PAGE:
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So what does a single photon do to a group of charged particles?

  1. Oct 3, 2012 #1
    I have heard, but never seen a representation, that we know the characteristics of photons because of their reaction with other charges particles. So what exact physical motions are induced on the particles when a photon travels through them. Does the magnitude of the electric and magnetic fields pulse in a spherical way, so the particles may move in a uniform way from the photon, the distance of the radius depending on the strength of the fields? Does this make sense?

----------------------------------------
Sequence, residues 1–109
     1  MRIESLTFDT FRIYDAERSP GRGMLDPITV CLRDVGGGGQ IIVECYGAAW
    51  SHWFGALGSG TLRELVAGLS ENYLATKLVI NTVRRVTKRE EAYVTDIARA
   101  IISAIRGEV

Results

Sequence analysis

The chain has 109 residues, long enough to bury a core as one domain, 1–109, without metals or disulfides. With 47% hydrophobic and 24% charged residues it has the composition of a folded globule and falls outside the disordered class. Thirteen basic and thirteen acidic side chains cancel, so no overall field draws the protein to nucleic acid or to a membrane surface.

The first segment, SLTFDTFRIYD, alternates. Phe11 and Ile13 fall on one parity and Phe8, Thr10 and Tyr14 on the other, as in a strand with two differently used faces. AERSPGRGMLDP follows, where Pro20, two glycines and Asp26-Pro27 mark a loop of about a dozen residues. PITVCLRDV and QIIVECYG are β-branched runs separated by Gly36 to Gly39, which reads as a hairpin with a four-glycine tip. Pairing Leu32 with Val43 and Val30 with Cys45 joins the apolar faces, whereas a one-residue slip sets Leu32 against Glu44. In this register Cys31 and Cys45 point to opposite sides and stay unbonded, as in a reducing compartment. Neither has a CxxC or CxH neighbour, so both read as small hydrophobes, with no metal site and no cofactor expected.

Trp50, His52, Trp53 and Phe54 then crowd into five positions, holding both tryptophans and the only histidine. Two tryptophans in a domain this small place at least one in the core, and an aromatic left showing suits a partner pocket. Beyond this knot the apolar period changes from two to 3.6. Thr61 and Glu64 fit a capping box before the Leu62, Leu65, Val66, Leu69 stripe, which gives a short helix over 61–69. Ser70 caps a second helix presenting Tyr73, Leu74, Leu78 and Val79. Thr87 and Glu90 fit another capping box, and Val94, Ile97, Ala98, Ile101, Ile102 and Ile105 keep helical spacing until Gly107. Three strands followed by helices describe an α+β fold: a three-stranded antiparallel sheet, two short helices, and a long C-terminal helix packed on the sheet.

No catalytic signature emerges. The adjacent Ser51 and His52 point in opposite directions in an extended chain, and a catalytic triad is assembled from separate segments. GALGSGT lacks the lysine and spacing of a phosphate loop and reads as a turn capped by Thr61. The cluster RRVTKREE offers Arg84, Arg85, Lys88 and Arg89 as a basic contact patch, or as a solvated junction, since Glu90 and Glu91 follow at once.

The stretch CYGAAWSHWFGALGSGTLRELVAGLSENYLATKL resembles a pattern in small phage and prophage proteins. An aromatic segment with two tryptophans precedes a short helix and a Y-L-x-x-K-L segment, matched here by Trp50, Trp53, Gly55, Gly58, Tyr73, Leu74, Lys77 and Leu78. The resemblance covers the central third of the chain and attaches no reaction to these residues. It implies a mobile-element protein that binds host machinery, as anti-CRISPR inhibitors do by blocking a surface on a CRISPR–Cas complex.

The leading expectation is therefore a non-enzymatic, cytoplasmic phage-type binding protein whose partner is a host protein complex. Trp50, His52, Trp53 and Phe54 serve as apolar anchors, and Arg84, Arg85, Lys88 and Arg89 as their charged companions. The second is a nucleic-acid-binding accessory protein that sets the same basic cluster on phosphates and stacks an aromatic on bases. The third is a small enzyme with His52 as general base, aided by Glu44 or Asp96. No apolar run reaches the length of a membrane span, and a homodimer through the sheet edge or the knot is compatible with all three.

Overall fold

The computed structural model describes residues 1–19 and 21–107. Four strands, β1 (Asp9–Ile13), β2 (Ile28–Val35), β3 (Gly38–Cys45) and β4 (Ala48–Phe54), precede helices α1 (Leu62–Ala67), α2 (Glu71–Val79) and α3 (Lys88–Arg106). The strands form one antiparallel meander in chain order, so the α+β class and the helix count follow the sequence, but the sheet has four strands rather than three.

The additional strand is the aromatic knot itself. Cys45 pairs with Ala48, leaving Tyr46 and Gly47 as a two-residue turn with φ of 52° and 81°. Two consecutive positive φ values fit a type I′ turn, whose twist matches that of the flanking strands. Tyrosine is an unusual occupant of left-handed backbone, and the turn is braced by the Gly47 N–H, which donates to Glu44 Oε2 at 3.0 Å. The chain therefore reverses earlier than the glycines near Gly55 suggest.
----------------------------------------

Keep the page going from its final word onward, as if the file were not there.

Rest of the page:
2. jcsd
  3. Oct 3, 2012 #2


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    No it does not. We are really developing an extensive mythology here! As pointed out elsewhere, a photon is a quantum object. It is not accompanied by an extended set of E and B fields. When it interacts, it collides with a single particle and is absorbed by it. The energy it had goes into kinetic energy of the struck particle and also possibly creating other particles.
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